Heavy Metal academia in The Quietus


Delegates of Home of Metal’s academic conference in 2011, outside the Iron Man statue in Birmingham

The Quietus investigate with Heavy Metal studies is so readily sneered at.

“It was far from your clichéd gang of beer guzzling, bar fly head bangers. There were speakers of both genders and varied ages, backgrounds and perspectives contributing, as the Quietus can attest, having attended the Home of Metal conference held in Birmingham in 2011.

Speaking to the conference’s keynote speaker, Dr Niall Scott, senior lecturer in ethics at the University of Central Lancashire, and chair of the ISMMS, he responded to the opinion that an intellectual study of metal is redundant by outlining the aims of the ISMMS: “Heavy metal is deeply provocative, so it naturally provokes intellectual interest. We are using and participating in the scene to produce new knowledge which can be applied to other areas of study. Metal offers a disordered world view which deserves expression beyond the music. It’s a way of putrefying ideas, letting them rot and allowing new growth to come out of them.” The Quietus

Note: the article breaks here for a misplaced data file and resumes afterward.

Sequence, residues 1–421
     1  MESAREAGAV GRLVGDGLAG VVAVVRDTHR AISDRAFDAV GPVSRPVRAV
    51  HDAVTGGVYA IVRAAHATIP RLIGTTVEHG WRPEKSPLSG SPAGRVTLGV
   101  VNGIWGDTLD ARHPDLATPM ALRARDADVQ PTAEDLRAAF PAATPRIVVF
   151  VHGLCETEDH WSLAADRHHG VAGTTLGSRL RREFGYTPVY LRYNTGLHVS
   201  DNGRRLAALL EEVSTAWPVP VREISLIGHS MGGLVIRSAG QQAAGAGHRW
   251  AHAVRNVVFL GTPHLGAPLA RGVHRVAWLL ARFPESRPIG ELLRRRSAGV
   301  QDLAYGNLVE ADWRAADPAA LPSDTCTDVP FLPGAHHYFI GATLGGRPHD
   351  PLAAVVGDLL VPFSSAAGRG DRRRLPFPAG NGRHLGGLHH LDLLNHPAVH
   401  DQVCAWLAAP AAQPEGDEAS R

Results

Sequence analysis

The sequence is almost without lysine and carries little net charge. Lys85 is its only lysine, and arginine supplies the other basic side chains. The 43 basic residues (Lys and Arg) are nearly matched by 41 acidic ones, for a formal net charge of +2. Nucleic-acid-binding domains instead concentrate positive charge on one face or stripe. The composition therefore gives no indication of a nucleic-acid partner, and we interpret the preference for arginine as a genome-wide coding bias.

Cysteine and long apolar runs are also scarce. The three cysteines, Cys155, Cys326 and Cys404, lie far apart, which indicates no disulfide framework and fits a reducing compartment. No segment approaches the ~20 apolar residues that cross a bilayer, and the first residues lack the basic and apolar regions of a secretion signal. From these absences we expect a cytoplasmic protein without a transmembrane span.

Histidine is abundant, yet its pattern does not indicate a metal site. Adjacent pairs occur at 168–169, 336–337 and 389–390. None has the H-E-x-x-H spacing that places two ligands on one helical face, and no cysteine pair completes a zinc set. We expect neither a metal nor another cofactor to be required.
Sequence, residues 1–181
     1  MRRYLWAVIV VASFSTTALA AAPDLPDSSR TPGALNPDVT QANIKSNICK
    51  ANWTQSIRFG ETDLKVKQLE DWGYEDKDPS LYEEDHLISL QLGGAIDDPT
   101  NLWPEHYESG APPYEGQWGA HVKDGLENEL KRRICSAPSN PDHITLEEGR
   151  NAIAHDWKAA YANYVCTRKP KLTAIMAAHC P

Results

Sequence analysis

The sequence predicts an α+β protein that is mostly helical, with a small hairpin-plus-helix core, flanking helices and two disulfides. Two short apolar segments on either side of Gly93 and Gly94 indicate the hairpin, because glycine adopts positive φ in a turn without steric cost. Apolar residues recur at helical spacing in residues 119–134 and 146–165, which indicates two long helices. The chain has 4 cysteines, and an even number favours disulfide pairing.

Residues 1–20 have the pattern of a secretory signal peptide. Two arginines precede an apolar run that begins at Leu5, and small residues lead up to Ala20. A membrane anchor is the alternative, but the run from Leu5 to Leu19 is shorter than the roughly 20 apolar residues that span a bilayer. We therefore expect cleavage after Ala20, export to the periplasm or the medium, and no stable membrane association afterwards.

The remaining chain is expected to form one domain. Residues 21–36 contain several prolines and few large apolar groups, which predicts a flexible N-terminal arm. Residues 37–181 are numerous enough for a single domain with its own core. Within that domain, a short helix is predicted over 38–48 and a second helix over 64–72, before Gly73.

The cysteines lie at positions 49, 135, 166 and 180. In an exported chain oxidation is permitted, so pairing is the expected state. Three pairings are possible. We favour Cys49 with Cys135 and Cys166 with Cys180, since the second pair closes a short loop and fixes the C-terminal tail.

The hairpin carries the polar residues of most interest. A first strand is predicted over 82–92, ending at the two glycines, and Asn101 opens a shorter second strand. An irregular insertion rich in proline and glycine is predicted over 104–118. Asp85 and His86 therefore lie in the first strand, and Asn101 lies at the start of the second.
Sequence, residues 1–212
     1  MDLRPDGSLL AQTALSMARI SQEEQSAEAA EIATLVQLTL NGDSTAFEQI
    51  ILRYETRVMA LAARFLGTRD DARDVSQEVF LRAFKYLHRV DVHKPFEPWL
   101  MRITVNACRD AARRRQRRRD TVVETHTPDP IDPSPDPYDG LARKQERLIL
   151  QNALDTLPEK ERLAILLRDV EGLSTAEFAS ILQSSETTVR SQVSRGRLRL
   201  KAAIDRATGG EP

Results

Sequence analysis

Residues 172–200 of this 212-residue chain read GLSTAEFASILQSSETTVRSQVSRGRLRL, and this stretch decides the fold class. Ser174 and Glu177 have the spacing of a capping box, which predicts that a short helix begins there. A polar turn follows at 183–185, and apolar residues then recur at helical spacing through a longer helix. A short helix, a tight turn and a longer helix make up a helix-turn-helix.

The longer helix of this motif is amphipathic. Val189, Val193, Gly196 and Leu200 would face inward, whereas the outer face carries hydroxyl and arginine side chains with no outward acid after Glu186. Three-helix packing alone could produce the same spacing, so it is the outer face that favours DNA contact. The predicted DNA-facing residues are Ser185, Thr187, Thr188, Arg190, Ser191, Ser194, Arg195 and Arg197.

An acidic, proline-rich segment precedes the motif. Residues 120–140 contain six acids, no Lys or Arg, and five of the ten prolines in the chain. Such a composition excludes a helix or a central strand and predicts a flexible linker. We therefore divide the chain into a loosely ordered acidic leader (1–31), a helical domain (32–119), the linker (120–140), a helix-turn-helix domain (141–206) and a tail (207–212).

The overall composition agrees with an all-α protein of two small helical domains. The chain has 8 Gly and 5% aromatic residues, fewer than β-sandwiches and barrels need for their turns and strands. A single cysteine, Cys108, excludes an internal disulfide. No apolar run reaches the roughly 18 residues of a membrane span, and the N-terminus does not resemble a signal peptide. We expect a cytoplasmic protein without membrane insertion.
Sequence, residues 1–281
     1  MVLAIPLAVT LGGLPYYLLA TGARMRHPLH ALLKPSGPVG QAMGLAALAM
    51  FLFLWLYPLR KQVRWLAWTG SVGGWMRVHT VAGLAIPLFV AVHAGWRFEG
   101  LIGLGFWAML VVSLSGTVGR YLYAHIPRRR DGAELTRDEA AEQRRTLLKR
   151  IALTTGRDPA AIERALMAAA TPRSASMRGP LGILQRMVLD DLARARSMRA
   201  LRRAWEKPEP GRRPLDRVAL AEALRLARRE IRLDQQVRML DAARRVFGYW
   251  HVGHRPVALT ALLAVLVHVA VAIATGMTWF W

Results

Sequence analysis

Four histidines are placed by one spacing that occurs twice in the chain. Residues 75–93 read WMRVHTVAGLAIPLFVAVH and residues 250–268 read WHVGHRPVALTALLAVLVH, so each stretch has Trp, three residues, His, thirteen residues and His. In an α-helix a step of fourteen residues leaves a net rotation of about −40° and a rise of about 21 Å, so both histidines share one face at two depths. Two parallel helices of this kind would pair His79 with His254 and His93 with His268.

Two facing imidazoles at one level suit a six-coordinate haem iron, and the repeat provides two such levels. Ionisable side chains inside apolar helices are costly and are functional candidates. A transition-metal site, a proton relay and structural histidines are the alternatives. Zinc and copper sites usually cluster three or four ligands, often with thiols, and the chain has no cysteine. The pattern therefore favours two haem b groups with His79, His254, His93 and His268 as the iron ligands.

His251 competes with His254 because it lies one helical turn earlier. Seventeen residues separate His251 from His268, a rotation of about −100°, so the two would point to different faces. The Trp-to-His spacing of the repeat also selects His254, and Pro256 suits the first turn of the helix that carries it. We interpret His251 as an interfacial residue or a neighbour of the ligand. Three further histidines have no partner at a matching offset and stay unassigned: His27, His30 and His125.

What do you think? Is Heavy Metal studies a valid academic pursuit?

1 comment on “Heavy Metal academia in The Quietus

  1. Sarah LaffordWilfried Rimensberger

    I developed the original concept of Metalhammer magazine as a multi-lingual metal lifestyle publication out of frustration with Kerrang! as it had, at the time, complete disregard for a strong Heavy Metal culture developing in other countries around the world. We regularly featured related painters, sculptures and wrote about lifestyle issues such as the influence Metal had in fashion and other issues. It is as relevant as other cultural phenomena that have become the subject of accademic studies and research. And not like many other genres, Metal retained it’s relevance and influence during the past 40 years or so.

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